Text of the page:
PARIS (Reuters) - France is pushing for the creation of a European-wide regulator of digital platforms such as Google to sanction possible abuse of power, a French presidency official said on Tuesday, citing a dispute over EU copyright law as an example.
Google said last month it would stop showing news snippets from European publishers on search results for its French users to comply with a new European copyright law, prompting anger in Paris.
“A big American company, Google namely, has announced it would not comply with an EU copyright directive,” the official told reporters. “France and Germany share the view that... we have to put an end to this illegal behavior.”
France said it would push for the incoming European Commission to create a special status for digital platforms modeled on that in the banking sector, whereby large companies like Google would be deemed “systemic” and regulated as such.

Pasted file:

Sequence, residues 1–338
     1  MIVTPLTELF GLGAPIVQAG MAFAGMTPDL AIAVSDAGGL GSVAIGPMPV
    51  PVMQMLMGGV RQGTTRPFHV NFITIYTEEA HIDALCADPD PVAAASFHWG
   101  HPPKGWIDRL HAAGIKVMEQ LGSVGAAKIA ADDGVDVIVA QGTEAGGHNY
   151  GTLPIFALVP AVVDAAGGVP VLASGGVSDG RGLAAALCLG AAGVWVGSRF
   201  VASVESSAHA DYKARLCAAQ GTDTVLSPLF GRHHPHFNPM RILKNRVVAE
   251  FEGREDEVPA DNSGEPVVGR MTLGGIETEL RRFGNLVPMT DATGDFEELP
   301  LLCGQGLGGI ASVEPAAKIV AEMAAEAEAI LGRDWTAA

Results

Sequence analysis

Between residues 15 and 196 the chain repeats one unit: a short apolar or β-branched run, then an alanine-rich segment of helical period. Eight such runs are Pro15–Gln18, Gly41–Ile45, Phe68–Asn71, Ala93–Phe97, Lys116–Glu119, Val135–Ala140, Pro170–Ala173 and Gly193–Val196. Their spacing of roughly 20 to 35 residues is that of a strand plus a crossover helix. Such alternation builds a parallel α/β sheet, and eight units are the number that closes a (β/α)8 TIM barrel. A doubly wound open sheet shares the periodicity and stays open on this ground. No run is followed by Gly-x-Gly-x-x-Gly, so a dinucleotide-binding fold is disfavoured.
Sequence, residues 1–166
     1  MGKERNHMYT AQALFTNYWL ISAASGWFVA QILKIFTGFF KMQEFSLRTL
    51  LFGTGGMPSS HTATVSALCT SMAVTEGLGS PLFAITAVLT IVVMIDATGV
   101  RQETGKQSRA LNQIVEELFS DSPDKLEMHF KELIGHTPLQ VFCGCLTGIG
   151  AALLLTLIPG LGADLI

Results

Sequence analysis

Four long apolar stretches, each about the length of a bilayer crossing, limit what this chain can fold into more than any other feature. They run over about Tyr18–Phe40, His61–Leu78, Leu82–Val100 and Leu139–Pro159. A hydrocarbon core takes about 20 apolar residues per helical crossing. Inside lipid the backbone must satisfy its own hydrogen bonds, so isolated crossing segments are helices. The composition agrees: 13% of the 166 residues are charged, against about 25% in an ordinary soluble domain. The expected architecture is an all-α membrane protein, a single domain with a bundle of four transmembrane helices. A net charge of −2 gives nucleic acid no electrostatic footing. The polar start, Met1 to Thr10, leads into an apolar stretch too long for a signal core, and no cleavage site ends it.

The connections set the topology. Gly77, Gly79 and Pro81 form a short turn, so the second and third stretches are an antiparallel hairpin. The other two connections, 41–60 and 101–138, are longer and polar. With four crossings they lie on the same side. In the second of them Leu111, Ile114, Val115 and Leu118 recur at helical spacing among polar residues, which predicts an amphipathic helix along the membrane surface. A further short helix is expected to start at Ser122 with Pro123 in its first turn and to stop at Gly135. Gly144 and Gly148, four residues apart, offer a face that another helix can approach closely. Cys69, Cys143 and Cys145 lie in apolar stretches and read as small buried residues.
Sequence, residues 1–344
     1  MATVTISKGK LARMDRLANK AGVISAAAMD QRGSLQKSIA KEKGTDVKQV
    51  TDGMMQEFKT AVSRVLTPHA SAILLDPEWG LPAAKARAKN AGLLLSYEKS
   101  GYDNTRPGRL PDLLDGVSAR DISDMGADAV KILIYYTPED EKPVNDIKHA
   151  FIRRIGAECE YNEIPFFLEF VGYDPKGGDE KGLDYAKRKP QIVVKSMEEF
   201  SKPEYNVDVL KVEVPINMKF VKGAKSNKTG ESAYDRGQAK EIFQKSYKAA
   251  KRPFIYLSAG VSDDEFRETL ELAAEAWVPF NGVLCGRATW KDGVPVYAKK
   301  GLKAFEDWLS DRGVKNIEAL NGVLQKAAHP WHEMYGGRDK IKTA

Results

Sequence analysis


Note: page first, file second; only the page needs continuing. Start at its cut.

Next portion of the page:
The regulator would be able to slap sanctions and fines on the companies, the French official added, giving more flesh to a proposal President Emmanuel Macron made this year.
“Over the short-term, we would like the European Commission.... to look into whether legal action (against Google) is possible,” the French official said, adding that France and Germany would discuss the issue at a meeting in Toulouse, France on Wednesday.
Reporting by Michel Rose, editing by Ed Osmond
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